Sodium-ion batteries (NIBs) are possible cheaper alternatives to the commonly used lithium-ion batteries because of the high abundance and relatively low price of sodium. However, since Na ions are larger than Li ions, their diffusion into and out of anodes and the associated volume changes of the material can be problematic.
Lifang Jiao, Nankai University, Tianjin, China, and colleagues have developed an anode material for NIBs that consists of Na2Ti6O13 nanorods. The team prepared TiO2 particles by hydrolysis of tetrabutyl titanate and treated them with NaOH to give hydrated sodium titanate nanowires. They were annealed at 700 °C for 10 h to give the final nanorod material.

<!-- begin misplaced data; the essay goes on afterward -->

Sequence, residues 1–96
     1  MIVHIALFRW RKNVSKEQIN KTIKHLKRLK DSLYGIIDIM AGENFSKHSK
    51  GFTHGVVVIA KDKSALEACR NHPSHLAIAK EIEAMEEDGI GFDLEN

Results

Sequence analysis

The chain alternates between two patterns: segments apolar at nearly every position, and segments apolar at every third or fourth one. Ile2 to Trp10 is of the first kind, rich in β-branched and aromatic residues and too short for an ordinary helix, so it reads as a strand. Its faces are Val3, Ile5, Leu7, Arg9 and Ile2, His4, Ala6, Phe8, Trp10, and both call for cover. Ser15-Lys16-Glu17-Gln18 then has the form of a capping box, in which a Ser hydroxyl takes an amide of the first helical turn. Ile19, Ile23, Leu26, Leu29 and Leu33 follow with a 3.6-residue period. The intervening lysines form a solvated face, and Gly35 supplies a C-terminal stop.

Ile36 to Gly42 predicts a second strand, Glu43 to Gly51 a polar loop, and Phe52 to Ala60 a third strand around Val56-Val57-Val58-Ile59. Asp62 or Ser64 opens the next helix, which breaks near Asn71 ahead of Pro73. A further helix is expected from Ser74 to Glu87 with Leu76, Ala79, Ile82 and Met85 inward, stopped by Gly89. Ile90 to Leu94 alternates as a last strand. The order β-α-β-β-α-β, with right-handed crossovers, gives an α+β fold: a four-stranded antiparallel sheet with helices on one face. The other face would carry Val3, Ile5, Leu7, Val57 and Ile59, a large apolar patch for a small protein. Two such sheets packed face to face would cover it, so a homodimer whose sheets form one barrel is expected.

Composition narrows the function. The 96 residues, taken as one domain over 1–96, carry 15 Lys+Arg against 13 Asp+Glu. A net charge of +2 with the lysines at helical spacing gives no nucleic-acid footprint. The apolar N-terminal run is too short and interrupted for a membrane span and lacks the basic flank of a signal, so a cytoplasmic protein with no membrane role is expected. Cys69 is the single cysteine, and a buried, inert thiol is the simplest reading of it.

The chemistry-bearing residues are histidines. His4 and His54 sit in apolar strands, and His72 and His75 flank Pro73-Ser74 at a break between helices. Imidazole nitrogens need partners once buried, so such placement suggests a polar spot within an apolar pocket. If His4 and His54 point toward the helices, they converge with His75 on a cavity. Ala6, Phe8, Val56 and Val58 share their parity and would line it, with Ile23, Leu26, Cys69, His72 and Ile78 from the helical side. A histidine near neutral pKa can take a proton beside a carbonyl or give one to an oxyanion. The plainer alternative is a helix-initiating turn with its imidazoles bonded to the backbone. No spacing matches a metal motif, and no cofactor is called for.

Na2Ti6O13 has a tunnel structure with diameters larger than Na ions, which facilitates diffusion. The framework is very stable against volume changes, which improves cycling stability. The nanostructure allows high rate capability because of improved access to the interior of the crystal for the Na ions. The nanorods showed a capacity of 172 mAh/g at 0.1 A/g and 109 mAh/g after 2800 cycles at 1 A/g. According to the researchers, this performance makes them a promising material for large-scale energy storage systems.
- Na2Ti6O13 Nanorods with Dominant Large Interlayer Spacing Exposed Facet for High-Performance Na-Ion Batteries,
Kangzhe Cao, Lifang Jiao, Wei Kong Pang, Huiqiao Liu, Tengfei Zhou, Zaiping Guo, Yijing Wang, Huatang Yuan,